Despite retiring in her quarterfinal match against Marie Bouzkova in Toronto, due to an Achilles injury, Simona looked to be playing near her highest level during her titanic tussle against eventual Champion, Madison Keys, in Cincinnati.
She’s got the draw to make the second week, however, lying in wait will likely be Bianca Andreescu. Bianca will be riding a surge of momentum following her second seemingly out-of-nowhere run this year, claiming the title in Toronto and defeating the likes of Kiki Bertens, Karolina Pliskova, and Serena Williams in the process.
Ironically. it was after a hitting practice with Simona Halep in Toronto in 2017 that the young Canadian gained the confidence necessary to pursue a career in the sport (and look how successful that has already turned out). Should the Halep-Andreescu match up come to pass, it will be interesting to see who emerges the victor. It could signify the limits to Bianca’s potential (if she has any). Destiny seems to be on her side, but logic tells me that Simona still has the edge in that matchup.
While the top half is dominated by two marquee headliners, the bottom is an ultimate duke-out. With
It is led by fourth seed and recent Wimbledon champion, Simona Halep and is bookended by a section containing five grand slam champions with eight Grand Slam titles between them. Sloane Stephens. Svetlana Kuznetsova, Jelena Ostapenko, Garbiñe Muguruza. Only one will make the fourth round. The projected prize for the sole survivor of the bloodbath? A date with Petra Kvitova.
SEMIFINALIST PREDICTION: Simona Halep
Eagerly seeking to remove herself from the WTA’s shortlist of slamless No. 1’s, Karolina Pliskova leads this quarter of the draw. While the Czech’s big serve and booming groundstrokes make her a logical pick to win Wimbledon, the US Open has been the site of her biggest success. In 2016, she reached the Final by beating the sisters Willams in succession and seemed poised to raise the trophy before Kerber’s forehand down-the-line turned the tide of the match. In the ensuing years, she’s reached two quarterfinals and looks to build upon a solid season in New York.
Karolina leads the WTA’s hardcourt power rankings and she has a manageable draw. Nearby Karolina’s name on the drawsheet are Bernarda Pera and Jamie Brady, players who have experienced recent success during the Summer hardcourt swing. Additionally, she could face former Top 10 player Carolina Garcia, reigning French Open open Finalist Marketa Vondrousova, 2011 US Open Champion Sam Stosur, or a resurgent Johana Konta.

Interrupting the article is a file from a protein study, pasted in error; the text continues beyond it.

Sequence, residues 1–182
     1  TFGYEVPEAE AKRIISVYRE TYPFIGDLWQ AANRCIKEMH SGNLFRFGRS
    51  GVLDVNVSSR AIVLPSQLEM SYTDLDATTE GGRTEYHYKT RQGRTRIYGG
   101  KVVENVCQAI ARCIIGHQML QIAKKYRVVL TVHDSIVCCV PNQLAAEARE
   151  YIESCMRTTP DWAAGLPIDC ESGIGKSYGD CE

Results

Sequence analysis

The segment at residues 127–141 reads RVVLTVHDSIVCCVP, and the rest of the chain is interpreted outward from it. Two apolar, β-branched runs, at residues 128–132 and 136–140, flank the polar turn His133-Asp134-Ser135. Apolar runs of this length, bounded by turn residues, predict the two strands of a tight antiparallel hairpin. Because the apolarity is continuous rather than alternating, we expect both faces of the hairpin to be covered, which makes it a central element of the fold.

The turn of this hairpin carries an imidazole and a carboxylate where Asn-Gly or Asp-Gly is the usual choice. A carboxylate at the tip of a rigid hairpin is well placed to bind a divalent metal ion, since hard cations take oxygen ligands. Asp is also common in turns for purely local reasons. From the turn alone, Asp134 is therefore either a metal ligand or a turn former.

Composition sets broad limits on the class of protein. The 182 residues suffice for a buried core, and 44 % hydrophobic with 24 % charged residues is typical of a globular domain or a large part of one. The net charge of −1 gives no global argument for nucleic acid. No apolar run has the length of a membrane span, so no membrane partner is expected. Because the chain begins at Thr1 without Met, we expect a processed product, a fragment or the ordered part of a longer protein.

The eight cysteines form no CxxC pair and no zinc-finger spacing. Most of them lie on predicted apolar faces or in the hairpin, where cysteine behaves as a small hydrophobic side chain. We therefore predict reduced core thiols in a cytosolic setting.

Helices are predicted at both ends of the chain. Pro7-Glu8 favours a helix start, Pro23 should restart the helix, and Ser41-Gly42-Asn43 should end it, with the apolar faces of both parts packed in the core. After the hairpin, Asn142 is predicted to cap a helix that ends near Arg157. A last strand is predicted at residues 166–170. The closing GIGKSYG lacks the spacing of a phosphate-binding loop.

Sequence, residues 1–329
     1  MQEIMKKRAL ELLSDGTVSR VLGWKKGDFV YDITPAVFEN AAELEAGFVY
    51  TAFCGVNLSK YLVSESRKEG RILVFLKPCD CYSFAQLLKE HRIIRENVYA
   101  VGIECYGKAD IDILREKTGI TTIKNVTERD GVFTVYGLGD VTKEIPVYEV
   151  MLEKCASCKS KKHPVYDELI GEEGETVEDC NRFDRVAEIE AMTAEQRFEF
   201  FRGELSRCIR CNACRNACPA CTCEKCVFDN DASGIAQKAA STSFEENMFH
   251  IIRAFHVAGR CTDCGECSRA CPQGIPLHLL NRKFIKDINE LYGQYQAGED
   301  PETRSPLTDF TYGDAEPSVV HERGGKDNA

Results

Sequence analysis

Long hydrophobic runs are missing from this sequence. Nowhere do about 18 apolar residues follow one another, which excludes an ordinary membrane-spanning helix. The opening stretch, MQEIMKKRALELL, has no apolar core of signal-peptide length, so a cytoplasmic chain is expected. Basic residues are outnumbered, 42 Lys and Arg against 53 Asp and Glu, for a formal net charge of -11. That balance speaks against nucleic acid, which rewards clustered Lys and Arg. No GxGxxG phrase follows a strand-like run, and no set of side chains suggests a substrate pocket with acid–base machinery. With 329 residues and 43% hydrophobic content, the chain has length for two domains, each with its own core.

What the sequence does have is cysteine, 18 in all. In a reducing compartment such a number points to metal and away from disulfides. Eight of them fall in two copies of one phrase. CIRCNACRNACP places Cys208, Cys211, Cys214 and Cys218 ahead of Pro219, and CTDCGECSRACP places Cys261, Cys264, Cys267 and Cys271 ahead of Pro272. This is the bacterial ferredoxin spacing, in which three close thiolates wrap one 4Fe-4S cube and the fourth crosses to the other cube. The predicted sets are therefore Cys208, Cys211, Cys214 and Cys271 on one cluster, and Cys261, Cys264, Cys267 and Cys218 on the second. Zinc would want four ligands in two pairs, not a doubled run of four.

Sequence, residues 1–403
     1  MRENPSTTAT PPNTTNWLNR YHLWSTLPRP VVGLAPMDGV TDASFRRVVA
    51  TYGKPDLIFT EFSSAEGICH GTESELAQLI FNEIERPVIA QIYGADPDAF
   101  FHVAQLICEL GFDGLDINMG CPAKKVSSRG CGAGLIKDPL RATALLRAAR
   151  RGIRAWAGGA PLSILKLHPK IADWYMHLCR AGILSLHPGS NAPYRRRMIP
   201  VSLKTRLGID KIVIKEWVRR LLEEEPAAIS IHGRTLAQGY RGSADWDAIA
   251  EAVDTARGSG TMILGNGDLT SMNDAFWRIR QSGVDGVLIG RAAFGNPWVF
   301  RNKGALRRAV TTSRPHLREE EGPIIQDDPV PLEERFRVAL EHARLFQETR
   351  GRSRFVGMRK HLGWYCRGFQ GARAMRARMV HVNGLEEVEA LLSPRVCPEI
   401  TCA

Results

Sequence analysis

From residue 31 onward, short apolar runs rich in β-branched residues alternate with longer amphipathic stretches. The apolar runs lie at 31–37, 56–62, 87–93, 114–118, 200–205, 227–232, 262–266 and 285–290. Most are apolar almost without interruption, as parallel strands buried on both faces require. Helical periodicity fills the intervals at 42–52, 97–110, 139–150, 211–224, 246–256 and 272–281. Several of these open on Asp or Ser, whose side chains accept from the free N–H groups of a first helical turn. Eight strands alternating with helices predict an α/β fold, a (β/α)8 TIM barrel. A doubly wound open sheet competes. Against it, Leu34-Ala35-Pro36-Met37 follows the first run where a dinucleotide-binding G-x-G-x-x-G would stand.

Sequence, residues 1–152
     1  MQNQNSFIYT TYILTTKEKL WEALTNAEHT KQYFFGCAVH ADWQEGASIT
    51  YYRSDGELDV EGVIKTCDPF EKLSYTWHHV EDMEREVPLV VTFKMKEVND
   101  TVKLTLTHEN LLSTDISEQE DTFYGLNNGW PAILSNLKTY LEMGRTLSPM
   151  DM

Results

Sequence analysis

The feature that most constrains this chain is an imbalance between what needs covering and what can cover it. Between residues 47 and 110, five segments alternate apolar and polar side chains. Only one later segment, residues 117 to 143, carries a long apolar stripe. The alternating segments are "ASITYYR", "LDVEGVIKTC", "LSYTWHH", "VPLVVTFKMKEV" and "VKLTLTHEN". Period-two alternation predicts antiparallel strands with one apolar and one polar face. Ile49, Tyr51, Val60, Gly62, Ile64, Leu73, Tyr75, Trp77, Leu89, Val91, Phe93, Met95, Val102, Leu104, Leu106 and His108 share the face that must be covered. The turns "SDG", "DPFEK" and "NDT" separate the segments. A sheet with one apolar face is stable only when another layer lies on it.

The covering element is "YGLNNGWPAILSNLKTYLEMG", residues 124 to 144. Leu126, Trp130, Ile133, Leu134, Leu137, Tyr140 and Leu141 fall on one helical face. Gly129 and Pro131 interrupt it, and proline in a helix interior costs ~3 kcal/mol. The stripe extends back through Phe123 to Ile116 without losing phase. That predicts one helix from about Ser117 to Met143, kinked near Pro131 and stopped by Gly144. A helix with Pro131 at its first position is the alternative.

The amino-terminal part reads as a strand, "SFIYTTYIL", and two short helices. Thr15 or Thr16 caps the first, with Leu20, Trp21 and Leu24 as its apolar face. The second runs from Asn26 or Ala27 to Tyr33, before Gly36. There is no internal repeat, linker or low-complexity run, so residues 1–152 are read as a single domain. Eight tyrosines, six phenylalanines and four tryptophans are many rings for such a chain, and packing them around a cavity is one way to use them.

The other half of this section is led by recent Wimbledon semifinalist Elina Svitolina. However, her draw can be considered brutal at best. She opens against junior standout Whitney Osuigwe and could have to face the likes of Venus Williams, San Jose Champion Zheng Saisai, gold-medalist Monica Puig or big-hitting rookie Dayana Yastremska. The other side of this section lies recent Cincinnati champion and former US Open finalist, Madison Keys, and Sofia Kenin who made back-to-back Premier Mandatory semifinals in Toronto and Cincinnati.
SEMIFINALIST PREDICTION: Karolina Pliskova
While the fourth and final quarter is led by No. 2 seed, reigning Roland Garros Champion and recent World No. 1, Ashleigh Barty, all attention in this section falls upon the titanic match-up of Serena Williams and Maria Sharapova.
With twenty-eight Major titles between them, the duo remains the tour’s premier rivalry (albeit a one-sided one) even fifteen hours after the first matchup. Their first-round face-off will undoubtedly sell out Arthur Ashe.
While Serena is coming off of back-to-back finals at Wimbledon and the Rogers Cup, Sharapova is coming into the match with a 2-3 record since returning to tour from injury in Mallorca. However, despite all signs pointing to an outright beatdown, I think this match might be Maria’s best chance to beat Serena in fifteen years. Serena enters the match with a bad back and boatloads of pressure given the circumstances of last year’s final whereas Sharapova has nothing to lose. While I don’t think Sharapova has the form or fitness to win the tournament, I think she’s got the hunger necessary to exploit any and all nerves Serena might face upon returning to Ashe for the first time since “the incident”.
Beyond Serena & Maria, spoilers include the crafty Su-Wei Hsieh, giant-killer Karolina Muchova, 2018 semifinalist Anastasia Sevastova (who seemed to crumble under the pressure of being ten points away from attaining a Top 10 ranking in recent weeks), and former Wimbledon finalist Eugenie Bouchard.
Flying under the radar is Ashleigh Barty, who only weeks ago was the No. 1 ranked player in the world. In-form players she could face include Camila Giorgi (recent Washington, D.C. and Bronx Open finalist), Maria Sakkari (who has secured three top 10 wins in as many weeks), and a resurgent Lauren Davis. Also sitting in this section is 2016 champion Angelique Kerber, however, she seems to be out of sorts since returning to bottoming out in the second round of Wimbledon.
SEMIFINALIST PREDICTION: Ashleigh Barty
Halep d. Bertens
Pliskova d. Barty
Halep d. Pliskova